Advanced Analysis Techniques Improve Infant Bone and Body Composition Measures by Dual-Energy X-Ray Absorptiometry

John A. Shepherd, Markus J. Sommer, Bo Fan, Cassidy Powers, Lynda Stranix-Chibanda, Amanda Zadzilka, Michael Basar, Kathy George, Cynthia Mukwasi-Kahari, George Siberry

Research output: Contribution to journalArticlepeer-review

6 Scopus citations


Objective To evaluate a novel technique designed to reduce the negative impact of motion artifacts in infant dual-energy X-ray absorptiometry (DXA) scans. Study design Using cross-sectional data from a large multicenter study, we developed and tested advanced methods for infant scan analysis. Newborns (n = 750) received spine and whole-body DXA scans with up to 3 attempts to acquire a motion free scan. Precision of infant DXA was estimated from visits with multiple valid scans. Accuracy of regional reflection, fusion, and omission techniques was estimated by comparing modified scans to unmodified valid scans. The effectiveness of the acquisition and analysis protocol was represented by the reduction in rate of failure to acquire valid results from infant visits. Results For infant whole-body DXA, arm reflection and all fusion techniques caused no significant changes to bone mineral content, bone mineral density, bone area, total mass, fat mass, lean mass, and percentage fat. Leg reflection and arm/leg dual-reflection caused significant changes to total mass, but the percentage change remained small. For infant spine DXA, fusion and omission caused no significant changes. Advanced analysis techniques reduced the failure rate of whole-body scanning from 20.8% to 9.3% and the failure rate of spine scanning from 8.9% to 2.4%. Conclusions Advanced analysis techniques significantly reduced the impact of motion artifacts on infant DXA scans. We suggest this protocol be used in future infant DXA research and clinical practice.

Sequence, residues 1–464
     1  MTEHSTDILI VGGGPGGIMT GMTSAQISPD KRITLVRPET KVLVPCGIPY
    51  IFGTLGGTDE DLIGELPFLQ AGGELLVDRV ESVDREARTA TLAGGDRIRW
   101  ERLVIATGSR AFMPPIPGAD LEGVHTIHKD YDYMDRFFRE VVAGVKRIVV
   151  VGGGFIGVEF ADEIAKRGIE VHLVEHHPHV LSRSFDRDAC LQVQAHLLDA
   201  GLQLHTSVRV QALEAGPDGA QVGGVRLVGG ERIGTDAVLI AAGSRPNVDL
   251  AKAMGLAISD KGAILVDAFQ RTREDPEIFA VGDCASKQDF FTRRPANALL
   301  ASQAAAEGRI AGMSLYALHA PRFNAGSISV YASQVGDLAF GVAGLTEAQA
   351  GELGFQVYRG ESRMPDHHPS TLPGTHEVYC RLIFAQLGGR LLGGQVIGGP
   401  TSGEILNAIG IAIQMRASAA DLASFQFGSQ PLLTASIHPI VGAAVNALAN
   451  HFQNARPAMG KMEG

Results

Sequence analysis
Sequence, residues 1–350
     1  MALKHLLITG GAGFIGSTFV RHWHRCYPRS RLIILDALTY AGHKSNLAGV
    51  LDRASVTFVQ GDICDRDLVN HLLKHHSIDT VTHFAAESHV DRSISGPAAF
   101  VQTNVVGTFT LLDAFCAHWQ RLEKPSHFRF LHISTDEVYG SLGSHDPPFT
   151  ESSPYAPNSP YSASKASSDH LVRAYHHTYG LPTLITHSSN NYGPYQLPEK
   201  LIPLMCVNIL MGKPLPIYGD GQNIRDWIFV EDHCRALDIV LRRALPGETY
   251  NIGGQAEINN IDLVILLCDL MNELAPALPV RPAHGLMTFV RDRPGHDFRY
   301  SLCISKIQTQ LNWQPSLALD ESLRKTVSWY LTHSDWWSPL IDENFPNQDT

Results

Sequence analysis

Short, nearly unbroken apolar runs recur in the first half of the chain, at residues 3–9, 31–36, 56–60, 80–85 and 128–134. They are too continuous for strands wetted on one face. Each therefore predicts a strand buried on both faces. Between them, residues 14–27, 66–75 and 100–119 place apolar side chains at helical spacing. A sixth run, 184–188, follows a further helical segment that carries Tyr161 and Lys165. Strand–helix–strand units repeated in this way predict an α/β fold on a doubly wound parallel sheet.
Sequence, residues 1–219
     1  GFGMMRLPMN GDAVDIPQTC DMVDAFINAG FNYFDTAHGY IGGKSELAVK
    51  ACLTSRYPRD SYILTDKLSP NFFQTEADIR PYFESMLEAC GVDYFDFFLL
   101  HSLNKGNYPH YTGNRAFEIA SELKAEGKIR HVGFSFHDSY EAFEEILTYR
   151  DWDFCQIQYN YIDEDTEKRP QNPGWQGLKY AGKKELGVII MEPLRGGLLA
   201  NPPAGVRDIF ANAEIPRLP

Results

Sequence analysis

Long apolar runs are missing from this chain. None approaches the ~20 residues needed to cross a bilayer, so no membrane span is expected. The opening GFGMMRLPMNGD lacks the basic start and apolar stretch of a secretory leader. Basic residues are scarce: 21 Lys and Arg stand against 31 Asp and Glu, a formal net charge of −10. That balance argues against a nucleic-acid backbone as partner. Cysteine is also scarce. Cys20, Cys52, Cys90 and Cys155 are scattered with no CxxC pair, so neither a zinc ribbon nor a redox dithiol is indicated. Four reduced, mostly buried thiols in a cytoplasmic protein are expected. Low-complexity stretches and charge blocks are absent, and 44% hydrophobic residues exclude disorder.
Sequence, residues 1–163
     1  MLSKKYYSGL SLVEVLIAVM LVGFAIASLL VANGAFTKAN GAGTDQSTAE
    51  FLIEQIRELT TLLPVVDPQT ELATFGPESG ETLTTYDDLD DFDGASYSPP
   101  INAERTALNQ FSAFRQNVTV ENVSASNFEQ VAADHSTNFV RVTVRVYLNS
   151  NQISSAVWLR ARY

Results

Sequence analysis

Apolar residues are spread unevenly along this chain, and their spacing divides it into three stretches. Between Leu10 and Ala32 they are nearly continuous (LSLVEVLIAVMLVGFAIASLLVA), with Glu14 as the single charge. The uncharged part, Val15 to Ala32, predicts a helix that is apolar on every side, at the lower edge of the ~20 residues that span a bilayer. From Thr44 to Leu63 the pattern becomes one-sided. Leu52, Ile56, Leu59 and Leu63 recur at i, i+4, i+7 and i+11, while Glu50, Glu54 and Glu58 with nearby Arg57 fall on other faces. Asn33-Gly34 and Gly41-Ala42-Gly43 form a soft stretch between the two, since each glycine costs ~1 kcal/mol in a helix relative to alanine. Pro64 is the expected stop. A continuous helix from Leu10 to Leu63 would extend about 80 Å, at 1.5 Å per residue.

Original languageEnglish (US)
Pages (from-to)248-253.e3
JournalJournal of Pediatrics
StatePublished - Feb 1 2017


  • body composition
  • bone mineral density
  • precision

ASJC Scopus subject areas

  • Pediatrics, Perinatology, and Child Health


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